Comet Bay Primary School’s power costs reduced and panels will soon pay for themselves, says principal
Main image: Future thinking: Arial view of Comet Bay Primary School and its solar panels. Image: Supplied
Comet Bay Primary School’s solar panels have reduced Summer power costs by 70 percent, according to school principal Graeme Watson.
The school had over 350 solar panels installed in 2016 as a learning tool for students, but also as a sustainability effort.
“This is not only great for our environment, but it has reduced power costs allowing our savings to be redirected to student learning,” Mr Watson said.
“We have a supportive P&C and school board who allowed us to investigate the idea and jumped behind the project.”
After about two years of planning, the Education Department approved the project that cost $120,000.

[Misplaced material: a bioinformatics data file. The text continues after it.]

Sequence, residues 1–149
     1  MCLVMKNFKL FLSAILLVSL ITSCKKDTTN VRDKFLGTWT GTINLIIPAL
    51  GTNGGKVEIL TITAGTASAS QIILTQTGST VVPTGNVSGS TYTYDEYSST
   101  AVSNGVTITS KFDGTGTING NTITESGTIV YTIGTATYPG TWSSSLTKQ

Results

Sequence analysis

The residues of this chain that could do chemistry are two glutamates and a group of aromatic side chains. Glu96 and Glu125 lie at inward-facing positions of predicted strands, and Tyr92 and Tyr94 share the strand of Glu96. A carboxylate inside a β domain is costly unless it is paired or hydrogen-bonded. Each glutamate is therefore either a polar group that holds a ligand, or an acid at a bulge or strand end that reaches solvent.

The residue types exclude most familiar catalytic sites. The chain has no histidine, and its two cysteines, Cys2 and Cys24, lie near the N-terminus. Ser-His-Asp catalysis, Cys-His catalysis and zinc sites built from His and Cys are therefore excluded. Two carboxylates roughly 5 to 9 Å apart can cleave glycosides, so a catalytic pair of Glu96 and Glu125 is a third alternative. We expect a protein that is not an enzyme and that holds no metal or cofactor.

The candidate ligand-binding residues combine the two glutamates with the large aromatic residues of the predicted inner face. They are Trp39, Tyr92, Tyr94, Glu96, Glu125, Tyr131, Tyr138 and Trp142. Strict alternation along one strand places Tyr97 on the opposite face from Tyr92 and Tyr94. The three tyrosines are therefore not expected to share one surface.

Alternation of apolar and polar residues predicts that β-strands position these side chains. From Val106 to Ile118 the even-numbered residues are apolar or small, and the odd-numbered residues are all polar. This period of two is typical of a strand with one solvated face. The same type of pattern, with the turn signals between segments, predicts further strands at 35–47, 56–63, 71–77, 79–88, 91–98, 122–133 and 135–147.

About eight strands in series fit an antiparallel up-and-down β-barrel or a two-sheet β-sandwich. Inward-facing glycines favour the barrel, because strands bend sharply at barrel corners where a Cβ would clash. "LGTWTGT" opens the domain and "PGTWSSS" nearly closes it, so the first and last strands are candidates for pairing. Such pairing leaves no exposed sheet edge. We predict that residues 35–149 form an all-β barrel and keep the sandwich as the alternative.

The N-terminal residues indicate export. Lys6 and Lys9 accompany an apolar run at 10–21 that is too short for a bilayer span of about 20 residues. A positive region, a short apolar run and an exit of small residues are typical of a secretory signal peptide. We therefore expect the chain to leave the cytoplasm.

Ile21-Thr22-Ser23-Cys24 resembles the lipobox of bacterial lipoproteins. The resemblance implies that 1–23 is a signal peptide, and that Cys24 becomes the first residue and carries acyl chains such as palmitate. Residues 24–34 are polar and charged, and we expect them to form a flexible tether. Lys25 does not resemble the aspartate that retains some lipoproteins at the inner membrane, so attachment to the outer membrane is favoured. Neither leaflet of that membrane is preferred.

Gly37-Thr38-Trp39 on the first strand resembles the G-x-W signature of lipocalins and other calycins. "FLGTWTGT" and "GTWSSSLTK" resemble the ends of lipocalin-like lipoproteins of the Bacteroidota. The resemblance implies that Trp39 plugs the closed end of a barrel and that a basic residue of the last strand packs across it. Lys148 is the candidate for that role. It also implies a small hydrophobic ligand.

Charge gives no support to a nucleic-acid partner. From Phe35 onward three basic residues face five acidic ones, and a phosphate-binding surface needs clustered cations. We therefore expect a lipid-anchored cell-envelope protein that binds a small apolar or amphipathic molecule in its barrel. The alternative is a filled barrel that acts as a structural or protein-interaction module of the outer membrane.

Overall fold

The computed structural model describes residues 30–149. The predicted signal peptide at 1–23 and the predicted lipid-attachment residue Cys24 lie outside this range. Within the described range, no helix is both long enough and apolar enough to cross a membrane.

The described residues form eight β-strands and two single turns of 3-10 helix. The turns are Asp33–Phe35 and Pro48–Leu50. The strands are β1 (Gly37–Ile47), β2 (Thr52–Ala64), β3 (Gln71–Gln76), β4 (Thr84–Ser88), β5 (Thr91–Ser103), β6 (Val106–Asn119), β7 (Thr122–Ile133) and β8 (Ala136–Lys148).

“Luckily we got the department on side and they supported us through it…and hopefully other schools will jump on board too,” Mr Watson said.
Mr Watson said recent figures reveal the school is mostly self-sufficient between 10am and 2pm from September to April, requiring only minimal power from the grid.
“In Summer we pay only 30 percent of what we used to, and in winter, we pay about half,” he said.
Mr Watson said each classroom had access to a website that showed real-time data on how much solar and grid power was being used as well as how much energy was being saved.
“We want to teach kids about sustainability, and let them be part of the changes,” he said.
The school has already made enough energy to power 23 households for one year.
In four to five years, the school predicts that the solar panels would have paid for themselves.
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